Ride from New Dehli due north to Leh. Then backtrack a little bit and swing west before heading south to the Taj Mahal and back to New Dehli. Cross through disputed lands and wave to Pakistan(or India depending on one's point of view) while avoiding folks with Karishnakovs. The route takes one over the highest driveable pass on the planet and past one of the seven wonders of the modern world. Sounds simple, right?
We need to complete the first leg of the trip before the fifteenth of October or before snows close the road for the season, which ever comes first. And we have to do it while avoiding altitude sickness and the other dangers(avalanches, mudslides, yetis, etc.) that come with riding a motorcycle through the Himalayas.If we happen to get into Leh and the road closes while we are there, that's where we will spend the winter. Should be easy to find work if we get caught on the wrong side of the pass. I'm sure there's great need for arborists, patrollers, rec department managers, fish guides, and BBC cameramen.
Some reports indicate that a fifty-year flood complete with landslides may have closed parts of the road prematurely and we won't even get the opportunity to be snowed in for the winter. If that turns out to be true, ah well none of us has been to India before so it'll all be new and cool.
The disputed lands will offer their own set of challenges, both social and environmental. Some folks don't look favorably on peoples passing through their territory and fun words like hostage and kidnap come to mind. The most popular rifle ever made keeps an uneasy peace while men in opulent buildings thousands of miles away debate lines on a map. Water and petrol are hard to find.
We landed in New Delhi and after a quick trip through customs, went to find our transport. Oodles and oodles of Indians offered to help us with our bags. By help I mean take the carts from our hands and push them out to the van for us. I declined to let someone who's help I did not solicit push my gear to Shiva knows where when we already had transport arranged.
Once at the van, the crowd of twenty or so demanded gratuitys for work they not only did not perform but were specifically told not to do. We tossed most of our gear up on to the top of the van where it was secured with one piece of frayed cord about twice the diameter of a spaghetti noodle while they tried to figure out why we weren't tipping them.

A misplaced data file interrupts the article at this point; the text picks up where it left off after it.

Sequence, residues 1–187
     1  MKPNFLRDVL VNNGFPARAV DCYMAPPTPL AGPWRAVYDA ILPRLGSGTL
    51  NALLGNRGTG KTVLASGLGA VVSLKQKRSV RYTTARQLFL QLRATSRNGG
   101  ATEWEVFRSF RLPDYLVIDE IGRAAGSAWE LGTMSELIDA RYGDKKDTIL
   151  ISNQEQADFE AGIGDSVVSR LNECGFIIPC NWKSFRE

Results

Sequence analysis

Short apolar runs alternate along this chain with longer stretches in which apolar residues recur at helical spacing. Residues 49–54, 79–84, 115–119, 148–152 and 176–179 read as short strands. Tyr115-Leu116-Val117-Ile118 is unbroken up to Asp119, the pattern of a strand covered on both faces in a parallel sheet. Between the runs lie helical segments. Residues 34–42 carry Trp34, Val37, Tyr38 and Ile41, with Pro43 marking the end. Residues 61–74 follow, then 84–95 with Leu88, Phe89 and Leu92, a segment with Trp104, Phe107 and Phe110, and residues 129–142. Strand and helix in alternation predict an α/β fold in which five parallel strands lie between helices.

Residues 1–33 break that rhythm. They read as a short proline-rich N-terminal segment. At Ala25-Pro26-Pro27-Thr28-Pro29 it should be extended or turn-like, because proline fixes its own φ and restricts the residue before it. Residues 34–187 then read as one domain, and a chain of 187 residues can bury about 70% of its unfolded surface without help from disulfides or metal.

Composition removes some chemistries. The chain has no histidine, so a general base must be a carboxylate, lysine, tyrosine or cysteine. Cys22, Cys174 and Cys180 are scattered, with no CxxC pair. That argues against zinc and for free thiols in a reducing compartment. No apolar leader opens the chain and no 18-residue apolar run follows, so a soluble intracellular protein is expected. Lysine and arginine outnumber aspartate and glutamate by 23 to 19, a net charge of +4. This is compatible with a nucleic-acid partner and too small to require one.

One piece of cord for twelve bags. "Back up your back up" probably isn't heard much round here. Seven Americans didn't fit so well in the little van so our driver acquired another taxt to follow us to the hotel. A horn honked at us incessantly and I could see the angered driver. After two or so minutes waiting for our driver to return, the "dollar waiting on a dime" driver hopped into our vehicle, fumbled around for the parking brake, engaged the transmission and backed our load the hell out of his way without some much as a word or nod to our presence.
We had the typical scare the shit out of you ride from the airport. Pretty excited to drive a motorcycle round Delhi. The rest of the guys want to get out of town ASAP but I think I may stick around and cruise the strip just for the hell of it. There's plenty to see and wonder about right around town. Why do the commercial vehicles paint "stop" below the left brake light? How does he steer with a child on the handlebars? Is everyone pushing the horn with wild abandon or does it actually mean something?
Our rooms are clean and well-kept and there seem to be three Indians for each of us. Water? Right away sir. You want to eat even though the restaurant is closed? No problem. You would like to enjoy a beer on the lurker deck and watch the street folk cook over the trash fire and wonder if that rat is going to wake up the old dude in the striped shorts sleeping on the sidewalk while you wait for your dinner? I will send a runner to hire a tuk-tuk and return with seven beers immediately.
Does this happen everywhere?
1 day ago